Just Do It?


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Photo found at: https://dailym.ai/2O4MNnw

Some people are outraged by Nike’s new “Dream Crazy” campaign featuring an ad narrated by Colin Kaepernick. The controversial commercial took to social media on September 5th, and aired during the NFL opener the next day. Social media has been ablaze with responses. Videos of people burning their Nike apparel and cutting off Nike’s famous swoosh logo compete with memes applauding the message.

The controversy surrounding Kaepernick began when the former 49ers player first sat, and then began to kneel, during the national anthem in 2016 in protest of police brutality and other issues of racial inequality. As Kaepernick explained in an interview with NFL Media in 2016, he did not feel that he could “show pride in a flag for a country that oppresses black people and people of color.” Some took this protest to be an insult to veterans, the pledge, and the armed forces. Kaepernick has not played in the NFL for the past two years as a result.

The ad, featuring other famous athletes such as Serena Williams and LeBron James, steers clear of direct controversy by never actually showing Kaepernick kneeling; instead focusing on their inspirational message to “dream crazy”. Other athletes who have overcome obstacles such as disability, refugee status, and more are featured in the ad, as well, drawing attention to other social issues.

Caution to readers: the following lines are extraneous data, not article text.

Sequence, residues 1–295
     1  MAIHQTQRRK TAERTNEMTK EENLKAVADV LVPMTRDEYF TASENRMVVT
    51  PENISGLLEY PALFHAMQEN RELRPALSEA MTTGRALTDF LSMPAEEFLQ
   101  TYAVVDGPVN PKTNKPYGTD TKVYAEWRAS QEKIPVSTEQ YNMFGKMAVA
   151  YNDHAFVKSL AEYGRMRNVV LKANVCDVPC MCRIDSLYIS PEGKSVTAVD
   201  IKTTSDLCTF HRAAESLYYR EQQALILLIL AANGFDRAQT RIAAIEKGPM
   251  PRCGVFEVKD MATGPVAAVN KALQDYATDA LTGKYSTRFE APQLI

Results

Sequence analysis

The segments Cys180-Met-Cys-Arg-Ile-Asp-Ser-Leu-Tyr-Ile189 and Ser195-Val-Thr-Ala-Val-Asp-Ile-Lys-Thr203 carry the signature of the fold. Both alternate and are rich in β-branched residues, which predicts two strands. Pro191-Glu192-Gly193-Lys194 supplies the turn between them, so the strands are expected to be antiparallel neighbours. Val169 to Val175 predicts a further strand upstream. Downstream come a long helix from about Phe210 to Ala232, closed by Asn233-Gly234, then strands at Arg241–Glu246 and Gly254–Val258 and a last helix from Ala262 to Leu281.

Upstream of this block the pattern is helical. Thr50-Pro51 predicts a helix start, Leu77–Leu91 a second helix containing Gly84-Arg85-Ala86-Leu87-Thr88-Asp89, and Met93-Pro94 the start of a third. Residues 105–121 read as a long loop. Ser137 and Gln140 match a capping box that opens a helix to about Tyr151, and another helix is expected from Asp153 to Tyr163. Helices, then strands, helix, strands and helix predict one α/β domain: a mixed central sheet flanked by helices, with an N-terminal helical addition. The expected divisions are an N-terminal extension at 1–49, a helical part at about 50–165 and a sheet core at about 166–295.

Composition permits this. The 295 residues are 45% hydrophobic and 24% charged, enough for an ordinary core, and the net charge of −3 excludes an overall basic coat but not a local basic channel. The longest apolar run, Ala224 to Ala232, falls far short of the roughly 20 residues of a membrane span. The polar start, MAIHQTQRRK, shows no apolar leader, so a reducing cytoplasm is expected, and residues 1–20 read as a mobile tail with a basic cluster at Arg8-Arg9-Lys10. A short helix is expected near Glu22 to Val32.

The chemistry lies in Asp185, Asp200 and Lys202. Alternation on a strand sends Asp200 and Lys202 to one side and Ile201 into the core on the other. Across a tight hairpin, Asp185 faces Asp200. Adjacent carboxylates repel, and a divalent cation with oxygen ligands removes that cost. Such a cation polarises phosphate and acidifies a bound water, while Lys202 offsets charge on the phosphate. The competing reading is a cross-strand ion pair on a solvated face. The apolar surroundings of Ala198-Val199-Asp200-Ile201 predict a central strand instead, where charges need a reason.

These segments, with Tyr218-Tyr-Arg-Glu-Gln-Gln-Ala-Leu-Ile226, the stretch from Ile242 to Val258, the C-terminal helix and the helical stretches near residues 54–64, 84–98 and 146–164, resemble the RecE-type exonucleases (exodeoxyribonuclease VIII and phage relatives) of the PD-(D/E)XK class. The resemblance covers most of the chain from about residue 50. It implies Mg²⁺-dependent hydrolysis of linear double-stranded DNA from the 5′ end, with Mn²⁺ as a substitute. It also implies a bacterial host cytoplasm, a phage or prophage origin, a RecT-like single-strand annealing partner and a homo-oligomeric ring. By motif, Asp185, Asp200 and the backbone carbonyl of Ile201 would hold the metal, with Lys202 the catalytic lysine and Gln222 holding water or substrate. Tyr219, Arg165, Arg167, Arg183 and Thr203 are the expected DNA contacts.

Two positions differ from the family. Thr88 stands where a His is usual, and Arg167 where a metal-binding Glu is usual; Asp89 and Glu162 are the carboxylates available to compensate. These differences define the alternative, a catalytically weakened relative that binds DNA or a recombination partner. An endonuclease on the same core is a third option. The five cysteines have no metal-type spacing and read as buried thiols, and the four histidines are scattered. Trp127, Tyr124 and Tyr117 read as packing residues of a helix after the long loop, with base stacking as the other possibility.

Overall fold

A week ago, President Trump took to Twitter to give his opinion on the campaign; “Just like the NFL, whose ratings have gone WAY DOWN, Nike is getting absolutely killed with anger and boycotts.” Nike is set to remain the sole provider of official NFL apparel until 2028, and their online sales have risen by 31% since the ad came out. 

At Flushing Meadows on Tuesday, Serena Williams said, “Having a huge company back him…could be a controversial reason for this company, but they’re not afraid. I feel like that was a really powerful statement to a lot of other companies.”

Even our own Wakefield community has strong feelings on the issue. Senior Yasmine Humoud said, “I thought the commercial was just and appropriate, and if anyone wants to burn their shoes they should send them my way.” Senior Zach Saltos says, “I don’t have too much of a problem with Nike using Kaepernick, though I don’t agree with Kaepernick’s views and the whole protest.” Senior Ezra Assafe said, “I don’t agree with the kneeling, but he is free to do what he likes. It comes with consequences. Nike, as a business, it wasn’t a good move. It is such a touchy subject and splits the country in half. But I guess, they are free to do what they like as well.”

One thing is for sure, this campaign has made an impact that reaches far beyond the world of advertising.